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Interviewee: Ian Parente

Role: Commercial Fishing Captain

Date of Interview: 7/12/12

Collection: Sector Management in New England

Click on the link below to play the audio clip from the interviewee.

Abstract: Ian Parente, 30, is a commercial fisherman out of Sakonnet Point, RI. He is a second generation commercial fisherman who has fished his whole life and bought his own vessel out of high school; he also has 2 brothers that fish. Mr. Parente now fishes mostly for groundfish offshore on his common pool boat; his other boat does not have a groundfish permit and mostly monkfishes. He feels that sector management is not a bad idea in theory, but that it has been poorly implemented, largely as a result of allocation issues. Sectors management favors the corporations rather than the small fishermen, who represent the heritage of fishing communities such as Sakonnet Point. As a result of sectors, Mr. Parente has experienced a loss of freedom in the fishing industry and experienced increased stress in himself and his family.

Transcript:

AC: So looking at your span in the fisheries in general, what were some of the best years in your opinion?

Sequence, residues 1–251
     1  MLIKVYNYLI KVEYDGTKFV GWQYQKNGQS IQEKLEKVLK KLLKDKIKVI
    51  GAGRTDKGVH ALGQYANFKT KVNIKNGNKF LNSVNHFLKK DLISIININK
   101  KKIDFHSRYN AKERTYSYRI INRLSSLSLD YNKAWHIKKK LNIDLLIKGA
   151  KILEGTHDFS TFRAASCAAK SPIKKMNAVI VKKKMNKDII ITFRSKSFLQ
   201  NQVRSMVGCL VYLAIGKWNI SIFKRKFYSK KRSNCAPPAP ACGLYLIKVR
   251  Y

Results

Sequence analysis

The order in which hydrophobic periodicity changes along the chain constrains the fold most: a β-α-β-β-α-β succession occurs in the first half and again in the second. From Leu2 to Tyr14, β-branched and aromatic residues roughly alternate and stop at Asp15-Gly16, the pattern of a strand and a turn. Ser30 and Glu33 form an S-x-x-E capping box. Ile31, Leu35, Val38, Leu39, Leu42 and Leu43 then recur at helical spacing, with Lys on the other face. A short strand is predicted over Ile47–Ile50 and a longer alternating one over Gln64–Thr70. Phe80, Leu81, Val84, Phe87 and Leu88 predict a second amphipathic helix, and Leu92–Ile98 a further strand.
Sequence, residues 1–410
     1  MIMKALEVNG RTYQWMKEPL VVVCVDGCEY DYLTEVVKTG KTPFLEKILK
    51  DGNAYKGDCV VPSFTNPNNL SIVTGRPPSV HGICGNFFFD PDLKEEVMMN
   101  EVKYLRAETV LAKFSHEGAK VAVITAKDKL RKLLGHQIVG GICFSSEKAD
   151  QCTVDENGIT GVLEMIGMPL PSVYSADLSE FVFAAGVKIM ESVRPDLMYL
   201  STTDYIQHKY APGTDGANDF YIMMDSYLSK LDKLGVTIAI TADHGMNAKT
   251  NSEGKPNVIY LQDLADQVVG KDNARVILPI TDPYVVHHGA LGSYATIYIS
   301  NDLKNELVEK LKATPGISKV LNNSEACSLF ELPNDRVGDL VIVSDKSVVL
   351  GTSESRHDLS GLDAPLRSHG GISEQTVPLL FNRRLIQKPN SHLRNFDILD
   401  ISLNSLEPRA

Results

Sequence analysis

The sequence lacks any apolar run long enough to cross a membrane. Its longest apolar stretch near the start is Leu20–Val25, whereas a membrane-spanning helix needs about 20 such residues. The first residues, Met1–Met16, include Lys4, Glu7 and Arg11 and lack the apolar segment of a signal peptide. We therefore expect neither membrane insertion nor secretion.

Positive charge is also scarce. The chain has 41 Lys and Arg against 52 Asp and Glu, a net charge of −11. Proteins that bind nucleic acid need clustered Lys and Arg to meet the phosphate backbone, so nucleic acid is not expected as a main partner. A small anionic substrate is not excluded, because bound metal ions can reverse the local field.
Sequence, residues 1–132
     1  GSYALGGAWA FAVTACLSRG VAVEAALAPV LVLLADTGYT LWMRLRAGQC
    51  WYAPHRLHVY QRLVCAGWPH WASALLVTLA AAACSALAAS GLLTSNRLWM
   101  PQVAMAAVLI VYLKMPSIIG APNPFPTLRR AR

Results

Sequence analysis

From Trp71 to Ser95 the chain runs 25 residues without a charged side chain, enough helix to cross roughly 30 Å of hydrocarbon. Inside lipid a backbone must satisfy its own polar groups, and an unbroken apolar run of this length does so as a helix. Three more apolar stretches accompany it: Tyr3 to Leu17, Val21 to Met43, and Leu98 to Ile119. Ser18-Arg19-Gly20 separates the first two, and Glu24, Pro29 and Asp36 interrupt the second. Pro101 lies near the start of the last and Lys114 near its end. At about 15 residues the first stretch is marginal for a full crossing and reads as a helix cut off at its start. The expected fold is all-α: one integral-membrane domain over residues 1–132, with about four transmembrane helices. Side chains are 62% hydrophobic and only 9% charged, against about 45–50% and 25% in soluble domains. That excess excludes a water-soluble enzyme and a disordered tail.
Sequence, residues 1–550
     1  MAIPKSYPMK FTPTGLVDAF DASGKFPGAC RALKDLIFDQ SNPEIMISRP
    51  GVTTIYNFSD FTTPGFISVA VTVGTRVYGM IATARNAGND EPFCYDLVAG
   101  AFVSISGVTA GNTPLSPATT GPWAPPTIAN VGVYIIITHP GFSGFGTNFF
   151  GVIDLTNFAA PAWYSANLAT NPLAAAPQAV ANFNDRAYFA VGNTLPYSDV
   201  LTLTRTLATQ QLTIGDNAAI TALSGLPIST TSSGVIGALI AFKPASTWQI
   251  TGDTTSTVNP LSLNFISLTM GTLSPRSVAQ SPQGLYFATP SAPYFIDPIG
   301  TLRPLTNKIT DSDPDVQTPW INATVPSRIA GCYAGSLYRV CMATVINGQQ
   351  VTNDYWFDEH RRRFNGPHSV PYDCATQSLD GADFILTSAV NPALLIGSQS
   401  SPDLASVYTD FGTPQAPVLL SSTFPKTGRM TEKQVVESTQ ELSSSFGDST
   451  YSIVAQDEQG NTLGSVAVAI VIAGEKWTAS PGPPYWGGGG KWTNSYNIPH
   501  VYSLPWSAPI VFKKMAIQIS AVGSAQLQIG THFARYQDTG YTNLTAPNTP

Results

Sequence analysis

IP: My last couple of years have been the best. I'd say my last three years or so.

AC: So even though sectors were a couple years ago…?

IP: Yeah, [well] I've been doing better monkfishing than with groundfishing.

AC: Ok, so it was a forced switch?

IP: Yeah, the forced switch probably helped me in the long-term. [But] not emotionally, no, I still resent being forced out of groundfishing. You know, we've done it in town here for hundreds of years. So for us to be pushed out is not the way we wanted to exit it nor did we want to exit it at all. But it's forced me to invest more in the monkfish fishery, and I've been doing really well with that.

AC: Would you recommend another fisherman join a sector? Not necessarily one close to you, but any sector?

IP: Depending on the structure. I don't think, I think it could have been structured better and I don't think any of the ones existing now are [structured well], but the basic idea of it isn't horrible. I just think the way it was worked out, ya' know, so we took huge hits in our total allowable catches for those species at the same time as sectors were coming through. For a few different reasons, it didn't work. But with better monopoly clauses which they didn't put any in, I think it might not be a bad idea. I'm not completely against the theory of it, but the way they put it into practice, I disagree with almost every line item.

To read Ian's full transcript, click here.